There was no single word for how I felt. Dead inside. Different. Lonely. Cold. My body felt like it wasn’t my own, like a corpse I was inhabiting for a brief period while my soul, I dragged in tow, an anvil at the end of a chain I did not fasten but could not break.
I was 12. It was the 1990s in Riyadh, Saudi Arabia. And there was no single word for it.
Reading old journals, I realise that many of my feelings of hopelessness and sorrow, of difference and loneliness, stemmed from being, in my own words, “a girl” (an old diary entry of mine lists “Things I Hate”, and the first bullet point reads, literally, “being a girl”). Put simply, I knew that the environment in which I would grow into a woman, was one that saw me as an object, something inferior and sexual, incapable and unfree. Looking forward to a lifetime of that made me numb.
I eventually learned that there was a word for the weight I carried and for, eventually, the nothing I felt.
Sometimes, it arrives like a storm that leaves a flood in its violent wake. Other times, it trickles. Gently. Like a leaky tap into a basin. And one day, you might wake to feel an inexplicable, or perfectly explicable, weight of sorrow that makes life seem impossible. Yet other times, it arrives in ways that cannot be reconciled with these arbitrarily watery metaphors. Different people experience it differently, but without a name for the experience, I did not know what it was or what to do with it.
There is a power in naming a collection of phenomena as symptoms of an illness, a moral and social recognition of an experience of dis-ease. A label can bring equal parts terror and relief.*
Without a name for how I felt, I imagined that I was alone. I did not know I could ask for help.
A few months ago, an Instagram user known only as “Fatima” published a post that read simply, “I’ve been too depressed lately, I want to give up on life. I can’t eat, I can’t sleep, I can’t enjoy anything…”
A few days later, more information appeared:**
“I am a Saudi woman in my 20s. I am an outcast in my family and my society.
Being born in Saudi as a female is in a lot of cases a prison sentence, the law is anti women here…Men have complete control of our lives.”
After sharing her specific story, she concluded with:
“I am severly depressed…. I want to leave here, I want to run away and live a proper life, I want to study and be succeful. If I don’t leave I will die here sad and alone.”
I have not verified the account. I do not know the person behind it. But the description felt so familiar that I thought it important to share on my own account, after asking her permission. When I did, another user commented, “This is sad because I find her story so normal to me.”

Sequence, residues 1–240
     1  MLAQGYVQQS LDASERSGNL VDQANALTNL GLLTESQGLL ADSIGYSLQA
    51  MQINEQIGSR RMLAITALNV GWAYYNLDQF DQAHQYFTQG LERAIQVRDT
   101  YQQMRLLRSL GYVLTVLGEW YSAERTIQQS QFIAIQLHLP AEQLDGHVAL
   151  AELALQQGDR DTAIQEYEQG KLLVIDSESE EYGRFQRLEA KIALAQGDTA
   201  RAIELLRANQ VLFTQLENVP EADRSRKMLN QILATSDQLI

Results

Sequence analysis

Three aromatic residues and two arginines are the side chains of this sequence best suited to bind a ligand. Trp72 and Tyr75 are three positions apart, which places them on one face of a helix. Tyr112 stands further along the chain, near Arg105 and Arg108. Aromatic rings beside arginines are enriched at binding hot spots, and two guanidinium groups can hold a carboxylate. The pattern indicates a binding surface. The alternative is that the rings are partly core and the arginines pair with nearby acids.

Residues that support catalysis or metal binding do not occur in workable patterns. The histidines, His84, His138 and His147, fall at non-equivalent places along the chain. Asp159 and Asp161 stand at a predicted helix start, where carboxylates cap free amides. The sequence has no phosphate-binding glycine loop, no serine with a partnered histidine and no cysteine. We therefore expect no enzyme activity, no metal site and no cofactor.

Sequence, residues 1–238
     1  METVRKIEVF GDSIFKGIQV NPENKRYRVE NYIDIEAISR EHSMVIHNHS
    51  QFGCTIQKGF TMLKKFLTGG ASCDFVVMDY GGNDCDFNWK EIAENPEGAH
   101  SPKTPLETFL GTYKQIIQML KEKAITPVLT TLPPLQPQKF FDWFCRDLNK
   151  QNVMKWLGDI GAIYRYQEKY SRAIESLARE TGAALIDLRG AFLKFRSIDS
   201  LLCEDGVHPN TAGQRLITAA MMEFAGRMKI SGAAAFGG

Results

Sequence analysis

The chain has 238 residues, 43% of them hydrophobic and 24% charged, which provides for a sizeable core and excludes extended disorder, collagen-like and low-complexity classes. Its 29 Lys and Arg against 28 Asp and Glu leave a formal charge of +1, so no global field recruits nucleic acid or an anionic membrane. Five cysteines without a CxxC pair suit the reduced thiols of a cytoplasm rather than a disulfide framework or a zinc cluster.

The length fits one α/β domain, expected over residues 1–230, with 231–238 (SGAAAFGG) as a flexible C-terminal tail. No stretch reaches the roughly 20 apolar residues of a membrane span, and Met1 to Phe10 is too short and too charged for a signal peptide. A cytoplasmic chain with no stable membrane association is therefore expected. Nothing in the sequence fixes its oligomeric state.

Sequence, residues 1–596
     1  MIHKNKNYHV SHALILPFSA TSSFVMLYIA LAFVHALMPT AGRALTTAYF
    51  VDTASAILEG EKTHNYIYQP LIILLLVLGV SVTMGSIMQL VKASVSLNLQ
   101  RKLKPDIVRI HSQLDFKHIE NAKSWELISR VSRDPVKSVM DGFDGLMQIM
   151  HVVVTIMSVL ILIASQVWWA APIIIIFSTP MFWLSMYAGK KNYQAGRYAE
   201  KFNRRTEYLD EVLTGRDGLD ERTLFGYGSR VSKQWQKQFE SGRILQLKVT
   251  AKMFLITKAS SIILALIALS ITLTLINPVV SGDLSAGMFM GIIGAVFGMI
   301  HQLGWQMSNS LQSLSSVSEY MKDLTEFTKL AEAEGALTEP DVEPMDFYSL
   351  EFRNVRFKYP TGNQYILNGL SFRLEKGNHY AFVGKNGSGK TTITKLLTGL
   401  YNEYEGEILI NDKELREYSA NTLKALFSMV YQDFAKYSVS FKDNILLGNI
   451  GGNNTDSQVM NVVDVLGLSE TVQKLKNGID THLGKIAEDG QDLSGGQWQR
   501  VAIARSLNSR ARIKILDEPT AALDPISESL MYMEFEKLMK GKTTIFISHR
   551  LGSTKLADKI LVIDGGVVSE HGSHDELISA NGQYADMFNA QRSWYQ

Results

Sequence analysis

There is a mental health toll of living with discrimination, with the abuse sanctioned by that discrimination, and with powerlessness to change one’s life; put differently, there is a mental health toll, one that is perhaps poorly documented or poorly publicised, of living in a socio-legal environment that makes escape from discrimination and abuse impossible. To be clear, this extends to all women in Saudi Arabia to varying degrees, including – especially – migrant workers who contend with additional layers of discrimination, abuse, and control.
The situation and its consequences are not unique to women in Saudi Arabia, or to women, or to Saudi Arabia. Nor are those consequences ubiquitous among women in Saudi Arabia. They are, however, familiar to me, from my own past and from my online networks.
A group of brilliant women have collaborated to put together a guidebook in English and in Arabic for mental health resources in Riyadh. The book is another step toward recognising mental health issues, dismantling the silence and stigma that often surround them, and providing open access help to those who might otherwise suffer in silence.
Perhaps, the next steps will be continuing to reform the society that, for some, brings about or exacerbates such issues.
In the meantime, please don’t suffer in silence. Please reach out. Please ask for help. Please be kind to yourself. Please remember that you’re not alone.
*A disease, after all, is both a biological and social construct, an objective reality and a social interpretation, and to some, it is either a biological or a social construct. Those interested in the definition of disease should read the Stanford Encyclopedia of Philosophy’s entry, “Concepts of Disease and Health”, as a starting point. (…or the first 50 pages of my PhD dissertation.)
**I share the excerpts as they appeared.
Image: Painting by an unnamed girl in Saudi Arabia who was ten years old when she created the work and whose older sister shared the image on Twitter (under the Twitter handle: @m_hqxx).